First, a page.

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As always, match data from Stats Zone and Squawka.
As the possession stats suggest, it really was a game of two halves. Although, as we've painfully learned time and time again, possession stats certainly don't equate to winning performances. So does the shot chart. Just one, Suarez's wild effort following a throw-in, came in the first half. Wisdom added a second prior to United's eventual game winner. And then Liverpool took 11 shots, including Sturridge's goal, after United's second, while the home side managed just three more efforts.
Cleverley and Carrick, two of the three United players to attempt more passes than their Liverpool counterparts, made 64% of their passes in the first half, 44 and 46 respectively. Carrick's drop-off was especially noticeable, with Suarez and Sturridge taking turns dropping deep when United were in possession, giving the midfielder none of the time he had when Allen was the most advanced midfielder. In addition, Suarez playing between the lines forced United's midfielders to pick him up, allowing Gerrard much more freedom to operate. That was the main difference in his night and day performances in the two halves, and it was no coincidence that his interception of a Cleverley pass to Carrick led to Liverpool's goal (as well as actually getting a Liverpool shot on target).
Also, once again, the Reina Passing Theory™ holds true. Reina completed 15 of his 24 passes; 10 were long passes. Liverpool's record when he completes fewer than 20 passes is now 1W-3D-6L and 6W-1D-1L when he completes 20 or more.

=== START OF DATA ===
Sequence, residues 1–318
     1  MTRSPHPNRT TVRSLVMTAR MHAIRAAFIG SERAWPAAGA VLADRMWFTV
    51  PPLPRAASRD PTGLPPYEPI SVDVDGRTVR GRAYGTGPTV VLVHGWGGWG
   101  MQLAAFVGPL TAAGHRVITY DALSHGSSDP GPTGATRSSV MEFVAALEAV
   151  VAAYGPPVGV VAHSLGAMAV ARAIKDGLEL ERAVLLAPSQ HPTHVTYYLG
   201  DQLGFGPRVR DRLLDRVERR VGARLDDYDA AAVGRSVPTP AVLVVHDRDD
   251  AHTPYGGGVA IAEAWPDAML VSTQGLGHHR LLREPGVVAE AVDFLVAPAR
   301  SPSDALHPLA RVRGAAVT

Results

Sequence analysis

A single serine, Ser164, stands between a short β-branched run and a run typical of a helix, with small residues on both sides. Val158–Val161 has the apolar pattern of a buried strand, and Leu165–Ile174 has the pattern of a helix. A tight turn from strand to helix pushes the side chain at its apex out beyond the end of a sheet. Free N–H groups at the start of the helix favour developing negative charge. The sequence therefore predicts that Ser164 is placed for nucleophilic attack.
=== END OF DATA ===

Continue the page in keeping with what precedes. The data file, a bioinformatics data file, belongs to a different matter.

Liverpool made 11 more successful tackles than United, but that was partly because United were successful on only 15 of 25 attempted tackles. Lucas, despite going off at halftime, made four of those tackles, surpassed by only Glen Johnson. Taking off Lucas was a surprising decision, despite being on a yellow card. Gerrard hadn't made a single tackle or interception, Allen had made two tackles but no interceptions. It was a surprising decision that worked surprisingly well, although I'm still not sure what it means going forward.
Pity no one made a tackle during the extended stretch leading to the opener. That Kagawa, Cleverley, Carrick, Welbeck, and Evra were able to string so many passes in front of Liverpool's box is criminal. I implore you to go back and watch the sequence (unless you treasure your sanity); watch Downing, Gerrard, Allen, and Wisdom stand off as United players knock the ball back and forth. All four are on the back foot, sucked out of position – mainly by Kagawa's excellent movement – as Evra drifts into space, unable to cut out the cross which travels between five Liverpool players before reaching van Persie. That sort of timidity, which seems to be a reoccurring trend in big games (at least until the opposition score), is primarily what made the first half so infuriating.
However, where United's defense was successful was in stopping Liverpool's take-ons and clearing Liverpool's crosses. Just four of Liverpool's 21 dribbles were successful, none of Liverpool's 11 crosses found a target (nine from open play). Meanwhile, four of United's 15 crosses were met by a United player, including Evra's low cross for the opening goal and van Persie's free kick which led to Vidic's deflected second.